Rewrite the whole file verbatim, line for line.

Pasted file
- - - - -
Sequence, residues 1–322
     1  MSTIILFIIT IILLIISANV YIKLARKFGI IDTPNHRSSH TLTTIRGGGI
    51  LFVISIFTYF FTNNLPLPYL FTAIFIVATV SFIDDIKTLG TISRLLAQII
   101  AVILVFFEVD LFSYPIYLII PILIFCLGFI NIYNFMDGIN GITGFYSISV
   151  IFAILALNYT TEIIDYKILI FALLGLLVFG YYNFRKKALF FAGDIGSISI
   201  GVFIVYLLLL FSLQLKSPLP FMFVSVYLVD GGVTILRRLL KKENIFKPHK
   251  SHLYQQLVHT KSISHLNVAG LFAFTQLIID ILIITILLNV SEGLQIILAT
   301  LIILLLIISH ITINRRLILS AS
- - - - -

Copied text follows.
Sequence, residues 1–322
     1  MSTIILFIIT IILLIISANV YIKLARKFGI IDTPNHRSSH TLTTIRGGGI
    51  LFVISIFTYF FTNNLPLPYL FTAIFIVATV SFIDDIKTLG TISRLLAQII
   101  AVILVFFEVD LFSYPIYLII PILIFCLGFI NIYNFMDGIN GITGFYSISV
   151  IFAILALNYT TEIIDYKILI FALLGLLVFG YYNFRKKALF FAGDIGSISI
   201  GVFIVYLLLL FSLQLKSPLP FMFVSVYLVD GGVTILRRLL KKENIFKPHK
   251  SHLYQQLVHT KSISHLNVAG LFAFTQLIID ILIITILLNV SEGLQIILAT
   301  LIILLLIISH ITINRRLILS AS